Continuing a recap of our Italian vacation, Part 2 will look at our visit to the island of Capri and the ancient ruins of the town of Pompeii.
Capri, known as the playground of the Emperors, is an island accessible from the city of Sorrento by boat. Surrounded by crystal clear blue water, Capri is stunningly beautiful. You arrive in the Port, known locally as Marina Grande. A Fannicula railroad leads you up to the main square of Capri. You can also take an uphill walk that will lead you the square as well. There you will find shopping, food, and high-end stores. But most of all, you will be awarded some of the best views in all of Italy. Here are a few pics of Capri.
The Blue Grotto was closed when we were there but will add a picture here as it is a must do if you are able.
It’s easy to see why there are ruins of palaces of the emperors on the island, who insisted on spending long periods of time living on the island.
Pompeii is the ancient town that sits at the base of Mt. Vesuvius, which always looms in the background as a majestic reminder of the absolute horror that occurred in 79 AD when the volcano erupted, entombing the city and its inhabitants. I highly recommend a tour guide who can lead you through the vast streets of Pompeii. It’s a fascinating insight into the way people of that time lived. I just love being able to walk these same streets and enter the same buildings that people did so long ago. But as I said, a tour guide can really bring it to life. If you just can’t find a tour guide, then I would recommend downloading Rick Steve’s Audio Europe which offers a great walking tour of the main sites while you listen on your phone.
Here are a few pics first of Vesuvius across the Bay of Naples from Sorrento ….
and then Pompeii itself.
Capri and Pompeii – A stunning, must see, part of Southern Italy.
Author of A Song of Bellafortuna.
Having just returned from a trip with my family that took me from Soutern Italy all the way to Lake Como and then over the Swiss Alps into Germany and beautiful Salzburg, I will spend the next few blogs discussing a few spots on our trip with a few key insights, not from an expert, but just an ordinary traveler. I hope you find it rewarding.
Day 1 and 2. Paestum Italy
Paestum was used as the launching pad to Capri and Pompei. Paestum is a small city in the Campania region of Italy. It is mosty known for two things. Buffalo Mozzarella and the most intact Greek ruins in all of Italy.
We visited a Buffalo Mozzarello farm where you were treated to a taste of the most freshest Mozzarello you will ever have. I will state it was not my cup of tea. I think I like my Mozzarella a little more aged. However, in the little cafe, I had a cannoli that was to die for. Here are a few pics from the farm.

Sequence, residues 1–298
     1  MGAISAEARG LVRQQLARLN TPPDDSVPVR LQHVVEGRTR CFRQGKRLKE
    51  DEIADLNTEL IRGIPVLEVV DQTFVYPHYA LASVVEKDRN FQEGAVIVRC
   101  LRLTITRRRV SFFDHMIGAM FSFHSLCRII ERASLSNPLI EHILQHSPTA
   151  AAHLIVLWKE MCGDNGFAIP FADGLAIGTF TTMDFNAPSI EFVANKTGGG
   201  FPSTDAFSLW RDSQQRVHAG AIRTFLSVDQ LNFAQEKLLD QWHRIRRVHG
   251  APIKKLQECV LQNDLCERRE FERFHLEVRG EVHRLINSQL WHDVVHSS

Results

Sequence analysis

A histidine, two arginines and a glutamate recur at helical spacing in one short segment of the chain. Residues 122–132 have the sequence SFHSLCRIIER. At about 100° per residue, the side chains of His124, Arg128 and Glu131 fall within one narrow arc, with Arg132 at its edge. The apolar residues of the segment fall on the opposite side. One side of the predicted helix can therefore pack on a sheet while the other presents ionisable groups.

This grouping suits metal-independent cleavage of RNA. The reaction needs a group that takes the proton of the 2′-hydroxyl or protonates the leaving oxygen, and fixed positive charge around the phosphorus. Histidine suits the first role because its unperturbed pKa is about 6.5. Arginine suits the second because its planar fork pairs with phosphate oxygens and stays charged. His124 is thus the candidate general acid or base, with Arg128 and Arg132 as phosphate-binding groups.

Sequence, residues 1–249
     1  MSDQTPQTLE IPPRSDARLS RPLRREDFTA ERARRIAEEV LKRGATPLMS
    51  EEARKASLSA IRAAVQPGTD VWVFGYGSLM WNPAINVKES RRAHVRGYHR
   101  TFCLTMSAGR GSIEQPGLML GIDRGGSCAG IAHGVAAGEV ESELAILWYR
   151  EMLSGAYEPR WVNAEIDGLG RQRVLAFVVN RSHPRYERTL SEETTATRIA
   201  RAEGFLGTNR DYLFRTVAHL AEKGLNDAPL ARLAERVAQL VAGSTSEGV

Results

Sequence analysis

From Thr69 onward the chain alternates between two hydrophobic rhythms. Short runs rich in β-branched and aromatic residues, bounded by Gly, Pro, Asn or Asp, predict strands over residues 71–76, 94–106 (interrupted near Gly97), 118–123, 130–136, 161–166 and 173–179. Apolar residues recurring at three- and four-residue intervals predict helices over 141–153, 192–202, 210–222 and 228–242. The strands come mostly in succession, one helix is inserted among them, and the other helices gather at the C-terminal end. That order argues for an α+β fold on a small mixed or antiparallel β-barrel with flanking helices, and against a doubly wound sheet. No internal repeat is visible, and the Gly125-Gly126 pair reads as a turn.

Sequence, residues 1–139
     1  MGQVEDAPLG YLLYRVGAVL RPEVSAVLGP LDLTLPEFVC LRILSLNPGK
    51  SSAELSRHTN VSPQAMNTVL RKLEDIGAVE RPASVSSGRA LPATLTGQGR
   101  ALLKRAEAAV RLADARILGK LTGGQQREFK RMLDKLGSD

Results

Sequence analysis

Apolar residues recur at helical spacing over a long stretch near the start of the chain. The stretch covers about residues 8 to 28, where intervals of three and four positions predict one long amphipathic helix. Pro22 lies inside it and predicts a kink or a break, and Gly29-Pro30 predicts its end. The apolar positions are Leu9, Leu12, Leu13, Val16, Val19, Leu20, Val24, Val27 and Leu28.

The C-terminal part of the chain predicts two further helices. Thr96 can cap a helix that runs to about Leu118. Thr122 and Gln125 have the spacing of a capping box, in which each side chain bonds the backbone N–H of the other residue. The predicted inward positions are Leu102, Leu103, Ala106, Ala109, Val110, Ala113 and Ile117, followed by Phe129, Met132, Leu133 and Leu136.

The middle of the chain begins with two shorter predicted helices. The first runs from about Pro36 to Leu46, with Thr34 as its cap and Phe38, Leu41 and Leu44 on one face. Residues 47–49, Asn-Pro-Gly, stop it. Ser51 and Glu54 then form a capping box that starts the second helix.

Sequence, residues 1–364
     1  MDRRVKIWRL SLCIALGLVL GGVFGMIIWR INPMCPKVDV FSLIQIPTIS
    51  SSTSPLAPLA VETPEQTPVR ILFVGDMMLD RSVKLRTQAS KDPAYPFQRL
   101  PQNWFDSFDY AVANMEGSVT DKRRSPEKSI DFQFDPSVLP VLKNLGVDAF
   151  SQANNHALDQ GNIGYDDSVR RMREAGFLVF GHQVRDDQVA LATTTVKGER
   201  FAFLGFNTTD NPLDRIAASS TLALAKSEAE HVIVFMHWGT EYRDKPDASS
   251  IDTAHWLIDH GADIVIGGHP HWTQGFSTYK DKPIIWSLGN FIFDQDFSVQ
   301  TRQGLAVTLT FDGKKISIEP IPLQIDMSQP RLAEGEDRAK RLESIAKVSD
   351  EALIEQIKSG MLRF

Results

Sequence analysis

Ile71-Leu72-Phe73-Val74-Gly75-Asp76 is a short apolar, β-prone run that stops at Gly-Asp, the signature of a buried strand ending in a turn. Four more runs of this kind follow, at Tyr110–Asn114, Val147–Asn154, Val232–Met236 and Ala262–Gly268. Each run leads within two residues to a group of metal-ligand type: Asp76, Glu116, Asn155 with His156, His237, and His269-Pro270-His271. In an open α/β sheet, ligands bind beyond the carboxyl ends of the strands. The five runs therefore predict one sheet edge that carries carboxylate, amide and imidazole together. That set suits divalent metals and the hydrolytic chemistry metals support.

As for the Greek ruins, I did not get the chance to go see them while the site was open. However, I highly recommend going to see them at night. I got the hotel staff to bring a group of us by van to the site where you were able to see the ruins spectacularly lit up up night. It was a magical night and is a must do if you find yourself in this area.
Latly, Paestum has wonderful beaches surrounded by mountains in the distance. Great place to walk to in the evenings if you don’t have time to visit during the day.
Paestum: A fascinating little place that if you have the chance, visit if you can.
I am often asked why does opera play such an important role in my novels.
To answer that question, I will first turn to my literary mentor, J.R.R. Tolkien. Tolkien put it best in giving advice to writers when he said to let your interests drive your writing. Tolkien loved languages and mythology. That was where his interest lay. He wrote Lord of the Rings so that he could create his own world, his own language, and his own mythology. He followed his interests. I take what Tolkien said, but add one further clarification. Yes, write about your interests, but most importantly; make sure you are passionate about that interest. After all, writing is a long, arduous process, which requires dedication, and to write about things you don’t really care about, makes it even harder. One passion in my life is opera.
I grew up in New Orleans in a very large Sicilian-American family. Music was always around my home. My earliest memories were watching Mario Lanza movies with my family, where that glorious voice of his sang songs in a language that I did not understand, but touched something deep in my soul.
When I got to high school, I purchased my first opera recording, Tosca by Puccini.
The rest as they say was history. A lifelong love affair was born.
Over the years, more and more opera recordings were purchased and I went to some of the greatest opera houses around the world and saw some of the greatest singers, including Pavarotti, Domingo and Carreras. I also started to develop a keen interest in the history and lore of opera composers and singers.
All of which brings us to a night many years ago, when my son was first born. I stayed up with him late one night and when I went to bed, an idea of a story came to me about a young singer growing up in Milan. This story, Tempesta’s Dream, allowed me to share my love of opera as well as the history of opera to others.
Unbeknownst to me when I first started writing, I had found a niche. I became in the literary genre world – an Italian Historical Fiction author. Not bad for a guy from New Orleans.
Of course, after finishing that first novel, my thoughts turned to writing a second one. So again I turned to opera.
Enrico Caruso has long fascinated me. He is, after all, regarded as the greatest opera singer who ever lived. There was a wonderful biography written on his life by his son. I remember vividly the story about his wife running off with his chauffeur and Caruso, being humiliated, fled Florence to get away from the press.
What would happen if there were a small village in Sicily, who had problems of it’s own. And somehow, Caruso would play a role in the story. Opera once again took center stage in a beautiful story of redemption and sacrifice set among the Sicilian hills. This story eventually became A Song for Bellafortuna.
That novel not only became an Amazon Bestselling novel but is was also awarded the BRAG Medallian award for Historical Fiction.
So, in closing, why opera? Writing gave me an outlet to share my love and knowledge of this glorious art form to others; but to do so not through non-fiction, but through story telling. What a fun journey it has been.